1require is a Solidity keyword to manage pre-conditions in Design by Contract Programming. A failed require will rollback any state passed during the current call. Here, we disallow voting on closed contract instances.
2Creates a reference to an existing contract! This is one of the most important feature of Ethereum: a contract instance can call the method of another contract instance, thus chaining method calls across contracts.
3Effectively calls the burn() method of the contract instance. Notice the caller account is passed as an argument - in order to remove the voting toking from the account.
4Increment the vote count.
5Send an event. Events are essentially blockchain logs, but they also allow to be subscribed to from JavaScript clients.

Another interesting bit is the following function:

function getResults() public view returns (uint256 yesCount, uint256 noCount, uint256 blankCount) {
    return (referendum.votes.yesCount, referendum.votes.noCount, referendum.votes.blankCount);
}

For Java developers, it might be a surprise, but Solidity can not only return multiple values but also allows to name them for better maintainability.

Also, note the view modifier. In writing the first contract, we used the pure modifier. pure means the return value only depends on the input parameters - hence, there’s no write to nor read from the blockchain. The view modifier means there’s no write, but there might be a read.

If there’s no read, then the modifier shouldn’t be view but pure

Usage

Let’s deploy both contracts on the Remix network:

Then start interacting with the deployed contract:

var referendumContract = web3.eth.contract(<content/of/ABI>);
var referendumContractInstance = referendumContract.at('0x48dbcdd695fb6a7728dc656abd8baa460d7ff081');
referendumContractInstance.getQuestion();

This yields the question I initialized the vote with - check if you want.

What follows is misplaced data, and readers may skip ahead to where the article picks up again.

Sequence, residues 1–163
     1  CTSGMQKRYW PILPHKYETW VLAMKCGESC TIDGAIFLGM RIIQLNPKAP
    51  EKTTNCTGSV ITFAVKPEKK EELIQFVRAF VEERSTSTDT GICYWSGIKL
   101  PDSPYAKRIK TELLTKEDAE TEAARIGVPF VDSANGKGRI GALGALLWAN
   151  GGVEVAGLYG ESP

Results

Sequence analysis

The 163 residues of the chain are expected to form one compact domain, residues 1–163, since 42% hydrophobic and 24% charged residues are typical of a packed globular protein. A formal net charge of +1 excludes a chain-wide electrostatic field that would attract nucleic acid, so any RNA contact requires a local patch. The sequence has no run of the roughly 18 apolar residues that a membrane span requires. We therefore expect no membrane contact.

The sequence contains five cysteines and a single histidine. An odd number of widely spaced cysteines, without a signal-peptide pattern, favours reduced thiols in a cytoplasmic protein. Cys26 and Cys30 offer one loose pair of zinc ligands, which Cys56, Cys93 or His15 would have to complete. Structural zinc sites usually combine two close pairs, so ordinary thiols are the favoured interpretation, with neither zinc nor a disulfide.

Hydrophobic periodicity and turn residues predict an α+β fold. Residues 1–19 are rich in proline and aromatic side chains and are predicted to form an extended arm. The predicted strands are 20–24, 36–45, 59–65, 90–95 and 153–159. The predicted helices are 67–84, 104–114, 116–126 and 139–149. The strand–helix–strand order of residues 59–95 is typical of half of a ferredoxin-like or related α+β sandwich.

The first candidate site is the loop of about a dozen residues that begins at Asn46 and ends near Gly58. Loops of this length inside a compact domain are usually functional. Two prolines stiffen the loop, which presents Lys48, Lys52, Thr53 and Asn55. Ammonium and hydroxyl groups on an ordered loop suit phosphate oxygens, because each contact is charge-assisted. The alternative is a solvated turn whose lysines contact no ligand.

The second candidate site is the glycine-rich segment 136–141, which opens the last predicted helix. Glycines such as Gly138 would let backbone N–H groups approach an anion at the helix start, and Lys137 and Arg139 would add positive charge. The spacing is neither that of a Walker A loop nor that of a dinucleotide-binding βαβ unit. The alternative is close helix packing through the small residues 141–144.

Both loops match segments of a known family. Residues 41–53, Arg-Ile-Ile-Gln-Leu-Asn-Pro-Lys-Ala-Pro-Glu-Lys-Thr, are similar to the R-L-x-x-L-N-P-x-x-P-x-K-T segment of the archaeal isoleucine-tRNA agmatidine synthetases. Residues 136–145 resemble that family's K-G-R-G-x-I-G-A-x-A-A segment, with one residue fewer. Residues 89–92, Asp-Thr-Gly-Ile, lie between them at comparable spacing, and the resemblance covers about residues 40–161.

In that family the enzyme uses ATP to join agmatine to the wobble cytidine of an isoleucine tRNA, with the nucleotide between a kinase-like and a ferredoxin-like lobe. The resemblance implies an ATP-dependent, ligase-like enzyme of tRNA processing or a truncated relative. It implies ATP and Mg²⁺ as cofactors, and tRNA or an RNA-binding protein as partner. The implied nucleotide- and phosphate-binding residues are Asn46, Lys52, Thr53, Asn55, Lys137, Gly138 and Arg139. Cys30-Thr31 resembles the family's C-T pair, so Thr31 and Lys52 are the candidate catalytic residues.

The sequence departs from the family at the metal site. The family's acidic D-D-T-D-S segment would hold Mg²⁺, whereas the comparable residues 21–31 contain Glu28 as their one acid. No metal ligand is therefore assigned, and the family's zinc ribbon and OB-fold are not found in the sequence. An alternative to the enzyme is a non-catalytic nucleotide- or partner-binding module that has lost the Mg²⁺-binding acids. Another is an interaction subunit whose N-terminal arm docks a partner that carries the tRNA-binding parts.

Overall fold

At this point, voting tokens should be given to other accounts. However, it’s easier to directly cast the votes from the main account.

referendumContractInstance.castVote(0);
referendumContractInstance.getResults();
Interestingly enough, I get an exception when calling castVote() from the console, but it works from the Wallet. Probably because I’m not signed in in the console.

As stated above, Solidity events write into the blockchain. But, they can also be listened to from web3.js, via events. The following code will trigger every time a Finish event is written into the blockchain (from the close() method).

var finishEvent = referendumContractInstance.Finish();

var consoleLog = function(error, result) {
  if (error) {
    console.log(error);
  } else {
    console.log("Referendum " + result.args._referendum + " finished");
  }
}

finishEvent.watch(consoleLog);

Conclusion

At this point, we really got into smart contracts. The contracts designed have some degree of business logic. We saw some of Solidity features: events, require, view and how to call a contract from another one.

On your side, you can re-use the Solidity source, build upon it and deploy your own referendum to the blockchain.

Nicolas Fränkel

Nicolas Fränkel

Nicolas Fränkel is a Developer Advocate with 15+ years experience consulting for many different customers, in a wide range of contexts (such as telecoms, banking, insurances, large retail and public sector). Usually working on Java/Java EE and Spring technologies, but with narrower interests like Software Quality, Build Processes and Rich Internet Applications. Currently working for Exoscale. Also double as a teacher in universities and higher education schools, a trainer and triples as a book author.